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Stereoscopic sensing by SPOT is used in elevation calculations
Stereoscopic sensing by SPOT is used in elevation calculations
The French 'Système Probatoire d'Observation de la Terre' includes the so-called SPOT satellite, which was launched on 21 February 1986. This satellite can sense in three spectral bands, green, red and the near infrared, with a resolution of 20 metres. Furthermore, it is equipped with a panchromatic scanner, which means that it scans within a band which includes the green and red ranges of visible light. The spatial resolution for this sensor is 10 metres, for many years the highest resolution for a non-military sensor.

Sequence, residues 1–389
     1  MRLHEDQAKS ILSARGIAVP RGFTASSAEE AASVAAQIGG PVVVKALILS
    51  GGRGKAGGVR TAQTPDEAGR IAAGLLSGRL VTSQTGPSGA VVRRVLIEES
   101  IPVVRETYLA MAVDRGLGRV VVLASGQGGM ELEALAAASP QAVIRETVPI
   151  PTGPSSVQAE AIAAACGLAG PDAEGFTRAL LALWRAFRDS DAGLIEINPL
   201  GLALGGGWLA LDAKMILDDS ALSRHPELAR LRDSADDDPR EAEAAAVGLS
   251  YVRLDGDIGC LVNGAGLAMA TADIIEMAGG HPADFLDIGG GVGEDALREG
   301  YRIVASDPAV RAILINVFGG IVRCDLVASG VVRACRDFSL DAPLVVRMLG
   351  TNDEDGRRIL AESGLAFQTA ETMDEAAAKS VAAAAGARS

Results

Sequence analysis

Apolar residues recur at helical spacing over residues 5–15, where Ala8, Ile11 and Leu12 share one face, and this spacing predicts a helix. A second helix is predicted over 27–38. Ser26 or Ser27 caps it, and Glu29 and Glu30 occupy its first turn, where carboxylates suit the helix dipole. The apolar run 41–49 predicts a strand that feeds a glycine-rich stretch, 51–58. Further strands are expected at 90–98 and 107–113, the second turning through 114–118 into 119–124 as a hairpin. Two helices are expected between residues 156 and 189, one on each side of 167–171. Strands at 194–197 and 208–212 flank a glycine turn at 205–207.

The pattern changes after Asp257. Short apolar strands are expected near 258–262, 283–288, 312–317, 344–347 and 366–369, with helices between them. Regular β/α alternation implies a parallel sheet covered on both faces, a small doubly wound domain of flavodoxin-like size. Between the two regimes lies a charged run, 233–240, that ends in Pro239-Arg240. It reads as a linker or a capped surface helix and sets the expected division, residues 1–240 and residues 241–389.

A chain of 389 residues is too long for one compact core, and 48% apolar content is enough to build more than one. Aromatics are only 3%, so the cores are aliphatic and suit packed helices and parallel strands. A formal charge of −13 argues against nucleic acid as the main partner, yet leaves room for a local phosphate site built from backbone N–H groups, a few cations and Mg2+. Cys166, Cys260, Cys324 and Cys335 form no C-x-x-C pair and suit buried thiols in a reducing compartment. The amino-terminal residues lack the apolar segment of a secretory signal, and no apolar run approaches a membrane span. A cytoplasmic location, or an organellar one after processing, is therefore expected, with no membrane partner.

SPOT satellite can sense in three spectral bands (green, red and
The SPOT satellite can sense in three spectral bands
SPOT has a special feature that allows it to be programmed to 'look sideways' and scan the same strip twice under two consecutive overpasses. The two different visual angles on the same area give a stereoscopic effect, which makes it possible to map elevation conditions.

As SPOT has two visual and one near infrared channel, it is ideally suited for vegetation mapping of small local areas.


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